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Review: PLUS and PLASMA Pedals by Gamechanger Audio

Last November at Synth Expo LA, I had a chance to try the PLUS and PLASMA Pedals from Gamechanger Audio, a Latvian-based company that is truly living up to its name. Last week at NAMM they introduced two new additions to their product line – a new Eurorack module created in collaboration with Erica Synths called PLASMA Drive, and a rack mount piece called PLASMA Rack. But before we get into what exactly these PLASMA effects do, here’s a look at their first offering called the PLUS Pedal.

The PLUS Pedal

This elegant device that resembles and feels like a piano sustain pedal has received critical acclaim from day one. Its main use is to seamlessly sustain chords or tones while allowing the user to play over the top of the texture. One of the main problems in creating a sampling instrument is achieving a seamless looping sustain. There are FFT-based models that use spectral freezing techniques, reverb tail freezing, dual sample crossfading and granular-based solutions as well.

I have never been completely satisfied with the nature of these sort of sustained sounds in terms of retaining the character of the input sound and a transparent loop. But the algorithm developed by Gamechanger is capable of beautiful, lush sonorities that appear to be a natural outgrowth of the source instrument. It’s as if the input plants a seed that starts to propagate as the pedal is engaged. I first tried it with a typical clean American Strat sound, using the bridge and middle pickups. It was instantly satisfying as I was creating Strat-flavored chordal drones and began improvising above the texture.

The Concept

The developers suggest thinking of the device as if it were a “smart looper that only catches the last segment of your chosen note or chord, and uses it to create a continuous sound”. They distinguish their product from others stating:

Unlike existing granular synthesizers and synth-pad triggers, PLUS Pedal actually runs a constant Hi-Res recording of your instrument, and once engaged, the RealTime sampling algorithm instantly creates a circular micro-loop out of the most recent audio signal produced by you.

There is a slight learning curve to develop the right timing for engaging the pedal in relation to the onset of the source sound. To get a natural sustained sound there should be a delay between the attack of the input sound and pressing the pedal.

You can achieve a more distorted and synthetic type sound, more removed from the original source, by pressing the pedal closer to the attack of the input sound.

The Pedal also has a middle position that creates tones that are slightly muffled and lower in volume.

Main Controls

The main controls include:

BLEND – which is a wet/dry control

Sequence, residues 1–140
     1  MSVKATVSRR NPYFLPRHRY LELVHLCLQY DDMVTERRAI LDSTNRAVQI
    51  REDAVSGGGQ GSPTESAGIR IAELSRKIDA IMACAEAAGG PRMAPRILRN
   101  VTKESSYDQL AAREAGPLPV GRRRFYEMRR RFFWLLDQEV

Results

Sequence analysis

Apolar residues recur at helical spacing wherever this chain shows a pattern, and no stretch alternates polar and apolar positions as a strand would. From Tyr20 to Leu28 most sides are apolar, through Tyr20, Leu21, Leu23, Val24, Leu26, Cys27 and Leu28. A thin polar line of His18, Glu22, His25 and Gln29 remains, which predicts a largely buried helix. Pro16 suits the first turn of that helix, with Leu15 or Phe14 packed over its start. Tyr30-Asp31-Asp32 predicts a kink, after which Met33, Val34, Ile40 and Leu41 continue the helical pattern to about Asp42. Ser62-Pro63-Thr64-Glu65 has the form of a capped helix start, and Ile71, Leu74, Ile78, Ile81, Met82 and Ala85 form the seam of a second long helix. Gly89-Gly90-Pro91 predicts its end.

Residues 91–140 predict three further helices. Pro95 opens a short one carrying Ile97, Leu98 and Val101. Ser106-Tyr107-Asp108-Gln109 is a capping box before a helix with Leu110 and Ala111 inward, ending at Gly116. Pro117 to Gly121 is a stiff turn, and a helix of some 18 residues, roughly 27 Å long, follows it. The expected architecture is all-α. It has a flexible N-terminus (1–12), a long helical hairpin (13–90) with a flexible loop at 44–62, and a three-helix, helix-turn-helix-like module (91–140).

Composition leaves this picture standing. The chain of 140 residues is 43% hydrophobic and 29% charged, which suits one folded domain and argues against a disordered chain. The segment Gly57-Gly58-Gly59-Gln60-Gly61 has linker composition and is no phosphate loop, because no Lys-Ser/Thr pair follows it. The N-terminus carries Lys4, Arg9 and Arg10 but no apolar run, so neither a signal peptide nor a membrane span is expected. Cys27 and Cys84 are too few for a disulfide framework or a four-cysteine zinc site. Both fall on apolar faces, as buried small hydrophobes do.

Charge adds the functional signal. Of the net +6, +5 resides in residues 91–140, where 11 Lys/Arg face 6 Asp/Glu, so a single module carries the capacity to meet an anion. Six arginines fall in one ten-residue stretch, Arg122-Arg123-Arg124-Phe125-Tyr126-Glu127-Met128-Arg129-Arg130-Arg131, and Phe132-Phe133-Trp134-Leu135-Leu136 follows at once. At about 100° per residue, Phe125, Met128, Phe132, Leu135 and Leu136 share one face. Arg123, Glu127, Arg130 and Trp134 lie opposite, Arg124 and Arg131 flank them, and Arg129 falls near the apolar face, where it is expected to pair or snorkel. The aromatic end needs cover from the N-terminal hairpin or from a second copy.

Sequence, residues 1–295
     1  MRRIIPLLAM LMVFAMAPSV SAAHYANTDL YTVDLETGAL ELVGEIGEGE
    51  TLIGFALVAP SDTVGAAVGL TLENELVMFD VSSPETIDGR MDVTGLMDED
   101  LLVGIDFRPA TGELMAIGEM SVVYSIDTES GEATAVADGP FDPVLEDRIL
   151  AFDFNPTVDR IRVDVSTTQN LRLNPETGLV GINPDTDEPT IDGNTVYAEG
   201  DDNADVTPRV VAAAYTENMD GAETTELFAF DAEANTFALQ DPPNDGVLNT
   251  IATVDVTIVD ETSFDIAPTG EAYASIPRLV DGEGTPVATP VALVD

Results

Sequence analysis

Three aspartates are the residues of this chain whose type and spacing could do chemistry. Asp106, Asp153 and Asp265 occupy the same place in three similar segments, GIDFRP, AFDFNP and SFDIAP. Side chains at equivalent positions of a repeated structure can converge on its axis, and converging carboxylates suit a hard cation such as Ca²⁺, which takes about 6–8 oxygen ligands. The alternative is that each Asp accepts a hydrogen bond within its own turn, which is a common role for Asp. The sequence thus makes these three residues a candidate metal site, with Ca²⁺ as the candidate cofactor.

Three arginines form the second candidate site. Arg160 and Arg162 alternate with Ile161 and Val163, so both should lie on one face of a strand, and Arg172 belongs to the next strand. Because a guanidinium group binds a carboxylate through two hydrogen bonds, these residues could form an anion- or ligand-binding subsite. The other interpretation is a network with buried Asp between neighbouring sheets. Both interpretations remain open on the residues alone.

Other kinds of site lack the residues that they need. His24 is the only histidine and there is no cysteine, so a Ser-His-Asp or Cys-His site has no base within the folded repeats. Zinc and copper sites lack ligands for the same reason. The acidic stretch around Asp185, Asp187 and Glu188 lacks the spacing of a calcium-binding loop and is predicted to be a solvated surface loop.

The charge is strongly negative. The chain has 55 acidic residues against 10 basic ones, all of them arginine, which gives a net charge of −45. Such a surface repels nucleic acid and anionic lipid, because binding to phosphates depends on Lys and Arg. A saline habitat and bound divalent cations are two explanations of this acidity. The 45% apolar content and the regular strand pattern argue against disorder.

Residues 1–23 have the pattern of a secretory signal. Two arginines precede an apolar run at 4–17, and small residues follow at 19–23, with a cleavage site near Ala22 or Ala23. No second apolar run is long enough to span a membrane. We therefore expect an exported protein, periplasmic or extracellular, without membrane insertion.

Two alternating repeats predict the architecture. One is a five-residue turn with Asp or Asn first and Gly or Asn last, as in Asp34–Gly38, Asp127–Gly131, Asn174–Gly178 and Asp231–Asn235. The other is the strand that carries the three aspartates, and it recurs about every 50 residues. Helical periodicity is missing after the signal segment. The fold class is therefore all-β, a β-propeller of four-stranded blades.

RISE – sets the fade-in speed of all new sustain layers

TAIL – adjust the spillover or release time once the pedal is released

SUSTAIN – a special control that changes functionality depending on the mode selected via the switch on the side of the device

  • Single Mode – the SUSTAIN knob will adjust the sustain time from a minimum which emulates “the natural decaying properties of a ringing string – a gradual reduction in high frequencies.”
  • Group Mode – the SUSTAIN knob will allow up to five active layers

There is a built-in FX LOOP which allows you to run the wet signal through additional effects such as tremolo, chorus, harmonizer, etc. This evokes limitless possibilities for playing with two discrete effects chains – one for the sustained sound and one for live playing.

The OUPUT can send and be set to send two types of signal via the Split/Mix switch – combined Wet/Dry and Wet only which is great for producing soundscapes and evolving textures.

The CLEAN OUT/FSW always sends out the Dry signal which can be controlled via an external footswitch (available as an additional purchase). This adds additional routing flexibility.

Other Sources

Using the PLUS Pedal for applications beyond guitar opens yet another rabbit hole. Synths and vocals can be routed through the PLUS given proper signal levels are provided by necessary pre-amping or line adjustments. I experimented with running the output of my Eurorack system through the PLUS pedal and was deeply impressed by the expanded textural palette I could access almost immediately.

The PLUS pedal is a solid build and is based on an elegant algorithm that delivers sonically gorgeous results. It has earned a permanent place in my signal chain unless you can pry it from my cold, dead hands.

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The PLASMA Pedal